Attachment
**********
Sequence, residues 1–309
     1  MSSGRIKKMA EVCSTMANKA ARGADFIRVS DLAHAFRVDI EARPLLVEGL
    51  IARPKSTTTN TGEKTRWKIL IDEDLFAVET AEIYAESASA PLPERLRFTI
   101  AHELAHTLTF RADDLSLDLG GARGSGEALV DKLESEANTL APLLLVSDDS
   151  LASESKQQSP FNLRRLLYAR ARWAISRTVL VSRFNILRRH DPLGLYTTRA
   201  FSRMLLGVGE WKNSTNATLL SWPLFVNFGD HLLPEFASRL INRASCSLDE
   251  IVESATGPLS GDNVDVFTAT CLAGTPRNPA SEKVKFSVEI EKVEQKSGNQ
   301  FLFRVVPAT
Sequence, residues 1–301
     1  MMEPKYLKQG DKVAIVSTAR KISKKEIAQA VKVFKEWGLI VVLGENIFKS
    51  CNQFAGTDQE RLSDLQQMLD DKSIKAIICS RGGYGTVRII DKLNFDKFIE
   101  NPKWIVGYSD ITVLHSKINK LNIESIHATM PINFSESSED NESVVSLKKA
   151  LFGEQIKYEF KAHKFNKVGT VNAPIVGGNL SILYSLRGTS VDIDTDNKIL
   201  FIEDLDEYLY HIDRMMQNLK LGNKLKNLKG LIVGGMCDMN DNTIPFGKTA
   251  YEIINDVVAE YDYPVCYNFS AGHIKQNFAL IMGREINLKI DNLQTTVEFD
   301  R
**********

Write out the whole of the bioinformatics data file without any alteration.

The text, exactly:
Sequence, residues 1–309
     1  MSSGRIKKMA EVCSTMANKA ARGADFIRVS DLAHAFRVDI EARPLLVEGL
    51  IARPKSTTTN TGEKTRWKIL IDEDLFAVET AEIYAESASA PLPERLRFTI
   101  AHELAHTLTF RADDLSLDLG GARGSGEALV DKLESEANTL APLLLVSDDS
   151  LASESKQQSP FNLRRLLYAR ARWAISRTVL VSRFNILRRH DPLGLYTTRA
   201  FSRMLLGVGE WKNSTNATLL SWPLFVNFGD HLLPEFASRL INRASCSLDE
   251  IVESATGPLS GDNVDVFTAT CLAGTPRNPA SEKVKFSVEI EKVEQKSGNQ
   301  FLFRVVPAT
Sequence, residues 1–301
     1  MMEPKYLKQG DKVAIVSTAR KISKKEIAQA VKVFKEWGLI VVLGENIFKS
    51  CNQFAGTDQE RLSDLQQMLD DKSIKAIICS RGGYGTVRII DKLNFDKFIE
   101  NPKWIVGYSD ITVLHSKINK LNIESIHATM PINFSESSED NESVVSLKKA
   151  LFGEQIKYEF KAHKFNKVGT VNAPIVGGNL SILYSLRGTS VDIDTDNKIL
   201  FIEDLDEYLY HIDRMMQNLK LGNKLKNLKG LIVGGMCDMN DNTIPFGKTA
   251  YEIINDVVAE YDYPVCYNFS AGHIKQNFAL IMGREINLKI DNLQTTVEFD
   301  R